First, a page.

Delay Repay

In the golden age of rail travel when I were a lad I didn’t need to worry about delay repay. A train delay was a rarity that could be borne with equanimity, even if one couldn’t easily spell it.

Now, it is a point of principle that on every delayed journey (which, let’s face it is every journey taken) I sit and complete the delay repay claim for the previous delayed journey. If the train wifi is up to it. Which it usually isn’t.

There is a serious point here. Two actually. A toofer bonus.

Firstly, a reminder to those who are more junior than me that this is available (I’m sure you already know it), and you should claim for your travel delays where you can. Although I am still currently twitching about a scarring experience involving a fight to the death between Cross Country and Aviva West Coast as to who would compensate me for the rare but wasted first class ticket I bought on the day of the big storm (I know, I practically caused the national rail disruption by stupidly buying a first class ticket) – resolved yesterday when Cross Country realised that it was cheaper to cough up than to keep trying to fob me off or pass me back to Aviva – it is generally an efficient and straightforward process. And you have to cut your overheads where you can.

Secondly, a mischievous thought…. wouldn’t it be great if we could do a delay repay claim every time we go to court and end up hanging around or get adjourned off for ‘no judge’? I suppose perhaps that might have been more justifiable in the days of the block list, which are no longer de rigeur, but perhaps the delay repay idea could be deployed to compensate us for trials prepped for but which never seem to arrive at platform? Always tantalisingly 6 minutes away, so one needs to be prepped and ready to embark, but suddenly shows as cancelled just as you think its definitely coming around the bend. No doubt a big plus point in favour of the adoption of this wheeze would be that delay repay is administered via portal. And as we all know, portals are the answer to pretty much everything. Even if they work about as reliably as the rail network on a stormy day in November…

Actually, being slightly more serious – the government has apparently realised it might need to pay travel expenses to QLRs. See recently published Government response to the Domestic Abuse Commissioner’s Report on The Family Court and domestic abuse, published last week. At last. But take care. The response refers only to QLRs travelling outside of their local area to meet demand (none of those terms are defined) and says that ‘To help address this issue and in recognition of the added cost of this travel, the Government will legislate to introduce a travel expense policy for QLRs which will enable recovery of travel expenses in certain circumstances. Further information about this policy will be provided in due course.’ I doubt this will really reliably defray travel costs for QLRs without hassle and risk of justifying why this QLR was needed to travel to this court and why they couldn’t have walked to get there. the QLR scheme could also do with taking a leaf out of the delay repay model on other fronts – over on the transparency project blog one commentator points out that the LAA are refusing claims for XX Prep to QLRs where for reasons outside their control they have attended a xx hearing but no xx has taken place. Boo hiss to that.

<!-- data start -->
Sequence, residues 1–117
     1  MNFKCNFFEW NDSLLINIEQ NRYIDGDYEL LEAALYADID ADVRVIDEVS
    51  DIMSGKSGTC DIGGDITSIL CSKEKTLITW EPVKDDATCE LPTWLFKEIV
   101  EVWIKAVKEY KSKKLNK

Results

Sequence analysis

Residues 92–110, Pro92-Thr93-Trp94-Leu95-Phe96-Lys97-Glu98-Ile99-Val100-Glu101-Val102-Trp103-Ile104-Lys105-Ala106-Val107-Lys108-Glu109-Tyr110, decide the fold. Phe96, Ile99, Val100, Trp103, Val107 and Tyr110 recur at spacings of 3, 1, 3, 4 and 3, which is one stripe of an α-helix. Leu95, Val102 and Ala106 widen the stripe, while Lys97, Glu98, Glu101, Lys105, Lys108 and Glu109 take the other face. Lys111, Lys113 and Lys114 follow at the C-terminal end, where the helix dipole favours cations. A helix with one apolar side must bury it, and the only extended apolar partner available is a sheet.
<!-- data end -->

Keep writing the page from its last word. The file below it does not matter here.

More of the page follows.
Meanwhile, HMCTS seem finally to have taken my hints that their data management in respect of the QLR lists is shockingly bad, and the constant flow of emails begging me to travel to Bournemouth for no money (where I never signed up) seems to have slowed. But possibly only because its a weekend (not that the fact its a weekend has stopped them before). With bus like predictability, I had 6 land all at once in my inbox on Friday, but my usual Saturday smattering of requests for me to travel is strangely absent.

The sad thing about delay repay is that it is utterly ineffective. Its purpose and effect is (presumably) supposed to be incentivising train companies to run efficient and timely services so as to avoid the eyewatering levels of compensation that they are obliged to shell out if they don’t get it right. That is of course because it is a crude mechanism and the reasons for delays are multifactorial and complicated. But I do wonder, if we were properly compensated for all the wasted (and unpaid) hours we spend on cases that don’t go ahead for reasons outside our control, whether perhaps the system would magically run better. Or if not, at least we would be slightly less worn down by the endless hours we spend sitting miserably, waiting to get to our destination when we should be at home with our families.

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